Michael Collins (1996)


Michael Collins was a pivotal figure in Irish history and this film is a brave attempt to represent a story rarely told in the mainstream media by Neil Jordan.

Collins was the original “terrorist” and practically invented modern warfare employing guerrilla tactics and counter-intelligence to fight the British Empire to a standstill, a force against which he had no chance using conventional means. This resulted in the treaty of 1922 which saw the country divided for the next 80 years. Liam Neeson is excellent as the pragmatic and larger than life man of the people, and although the film inevitably is rather rose-tinted in it’s representation of the man – as all of these kinds of biopics are – Jordan’s brisk no-nonsense style is never pompous or preachy. The subject matter means that there is a lot more action than most political dramas; in fact it has more in common with The Godfather than Gandhi for the first half of the film. Even the romance with Julia Roberts who actually manages a very creditable attempt at an Irish accent is nicely down played and unsentimental.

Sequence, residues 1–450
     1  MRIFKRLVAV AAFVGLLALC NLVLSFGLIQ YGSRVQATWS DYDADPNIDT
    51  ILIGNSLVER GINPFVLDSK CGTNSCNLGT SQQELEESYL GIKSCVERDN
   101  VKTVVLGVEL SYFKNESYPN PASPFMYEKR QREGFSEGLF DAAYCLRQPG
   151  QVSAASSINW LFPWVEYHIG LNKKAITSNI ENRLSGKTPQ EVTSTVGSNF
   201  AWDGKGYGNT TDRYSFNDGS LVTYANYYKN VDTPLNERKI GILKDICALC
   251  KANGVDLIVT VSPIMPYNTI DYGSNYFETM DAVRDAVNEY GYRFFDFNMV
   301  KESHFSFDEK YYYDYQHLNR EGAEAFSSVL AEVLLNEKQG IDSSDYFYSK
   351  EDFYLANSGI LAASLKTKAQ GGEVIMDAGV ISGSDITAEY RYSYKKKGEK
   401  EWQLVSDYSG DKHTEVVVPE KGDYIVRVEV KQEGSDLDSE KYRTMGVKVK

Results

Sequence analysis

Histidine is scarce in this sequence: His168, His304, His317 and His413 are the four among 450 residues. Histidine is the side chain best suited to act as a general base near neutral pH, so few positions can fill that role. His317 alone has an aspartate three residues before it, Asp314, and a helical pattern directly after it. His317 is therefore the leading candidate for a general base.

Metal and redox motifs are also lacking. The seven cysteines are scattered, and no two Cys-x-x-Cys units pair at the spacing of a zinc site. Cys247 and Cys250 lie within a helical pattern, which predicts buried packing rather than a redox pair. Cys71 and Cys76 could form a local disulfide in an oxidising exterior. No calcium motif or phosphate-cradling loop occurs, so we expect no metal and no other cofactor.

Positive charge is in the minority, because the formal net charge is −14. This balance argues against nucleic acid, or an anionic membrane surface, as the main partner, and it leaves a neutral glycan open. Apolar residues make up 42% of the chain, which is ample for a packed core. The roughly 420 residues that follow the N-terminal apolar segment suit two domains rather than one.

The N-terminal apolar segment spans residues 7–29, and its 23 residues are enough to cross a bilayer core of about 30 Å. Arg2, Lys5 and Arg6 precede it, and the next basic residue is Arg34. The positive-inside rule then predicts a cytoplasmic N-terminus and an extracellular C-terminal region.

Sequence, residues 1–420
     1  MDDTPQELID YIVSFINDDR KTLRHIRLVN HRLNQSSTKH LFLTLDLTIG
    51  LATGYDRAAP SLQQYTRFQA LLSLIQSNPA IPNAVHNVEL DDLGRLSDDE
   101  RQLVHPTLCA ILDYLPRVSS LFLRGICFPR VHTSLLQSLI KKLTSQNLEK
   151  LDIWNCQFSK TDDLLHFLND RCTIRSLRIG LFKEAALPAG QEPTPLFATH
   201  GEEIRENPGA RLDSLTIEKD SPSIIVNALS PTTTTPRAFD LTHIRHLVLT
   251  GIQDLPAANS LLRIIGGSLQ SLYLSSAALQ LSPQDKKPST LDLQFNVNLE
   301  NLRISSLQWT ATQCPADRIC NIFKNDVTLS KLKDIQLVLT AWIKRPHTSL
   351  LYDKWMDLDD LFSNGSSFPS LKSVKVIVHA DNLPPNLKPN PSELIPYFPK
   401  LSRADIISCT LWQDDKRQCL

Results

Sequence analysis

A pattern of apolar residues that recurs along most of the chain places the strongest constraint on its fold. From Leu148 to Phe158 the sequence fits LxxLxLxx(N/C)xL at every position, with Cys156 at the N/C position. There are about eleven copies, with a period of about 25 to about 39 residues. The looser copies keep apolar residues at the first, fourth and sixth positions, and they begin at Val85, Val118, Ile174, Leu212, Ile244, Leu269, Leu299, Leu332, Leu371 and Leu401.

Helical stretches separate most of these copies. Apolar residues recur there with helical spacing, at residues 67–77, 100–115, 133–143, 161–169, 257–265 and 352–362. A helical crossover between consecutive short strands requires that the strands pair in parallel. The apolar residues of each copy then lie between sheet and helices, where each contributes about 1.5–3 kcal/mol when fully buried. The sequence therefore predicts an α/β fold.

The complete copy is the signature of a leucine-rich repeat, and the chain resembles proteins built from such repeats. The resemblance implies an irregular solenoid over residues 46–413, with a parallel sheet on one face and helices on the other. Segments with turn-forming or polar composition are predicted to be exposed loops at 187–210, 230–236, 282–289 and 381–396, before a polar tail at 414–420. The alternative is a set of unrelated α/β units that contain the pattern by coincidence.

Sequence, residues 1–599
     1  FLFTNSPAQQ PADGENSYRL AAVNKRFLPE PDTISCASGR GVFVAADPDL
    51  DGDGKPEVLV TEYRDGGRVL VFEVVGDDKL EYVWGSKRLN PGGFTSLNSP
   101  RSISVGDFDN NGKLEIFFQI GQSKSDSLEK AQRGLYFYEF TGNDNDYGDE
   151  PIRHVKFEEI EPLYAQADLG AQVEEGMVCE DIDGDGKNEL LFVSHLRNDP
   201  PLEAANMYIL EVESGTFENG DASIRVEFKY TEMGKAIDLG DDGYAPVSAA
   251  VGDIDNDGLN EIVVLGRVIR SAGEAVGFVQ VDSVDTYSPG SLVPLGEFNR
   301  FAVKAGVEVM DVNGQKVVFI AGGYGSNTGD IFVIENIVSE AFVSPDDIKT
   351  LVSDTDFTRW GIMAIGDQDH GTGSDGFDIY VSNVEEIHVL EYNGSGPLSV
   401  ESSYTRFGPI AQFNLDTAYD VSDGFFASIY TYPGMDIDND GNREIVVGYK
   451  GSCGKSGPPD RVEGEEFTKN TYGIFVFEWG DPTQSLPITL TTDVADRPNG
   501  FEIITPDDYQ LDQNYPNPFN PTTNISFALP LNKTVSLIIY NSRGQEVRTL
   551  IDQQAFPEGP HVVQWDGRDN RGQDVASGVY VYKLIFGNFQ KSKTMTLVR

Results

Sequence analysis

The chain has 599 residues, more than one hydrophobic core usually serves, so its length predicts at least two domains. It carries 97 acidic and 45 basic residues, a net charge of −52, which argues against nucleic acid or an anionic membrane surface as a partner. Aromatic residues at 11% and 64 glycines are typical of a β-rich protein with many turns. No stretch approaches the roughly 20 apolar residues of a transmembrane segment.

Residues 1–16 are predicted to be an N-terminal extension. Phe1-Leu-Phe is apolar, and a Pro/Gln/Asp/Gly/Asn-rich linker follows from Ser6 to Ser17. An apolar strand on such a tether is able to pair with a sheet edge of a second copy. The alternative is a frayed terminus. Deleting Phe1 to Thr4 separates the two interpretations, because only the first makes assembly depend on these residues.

Portraying yet more of the shameful acts perpetrated by the British government in its history Michael Collins is just as informative as it is entertaining, especially for those of an Irish heritage.



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